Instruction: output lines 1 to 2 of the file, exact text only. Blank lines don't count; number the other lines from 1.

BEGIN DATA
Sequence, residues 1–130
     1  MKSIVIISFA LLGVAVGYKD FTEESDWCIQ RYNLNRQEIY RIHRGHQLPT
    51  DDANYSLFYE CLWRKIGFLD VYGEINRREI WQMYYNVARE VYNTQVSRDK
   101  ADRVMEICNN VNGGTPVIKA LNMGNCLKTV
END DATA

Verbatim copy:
Sequence, residues 1–130
     1  MKSIVIISFA LLGVAVGYKD FTEESDWCIQ RYNLNRQEIY RIHRGHQLPT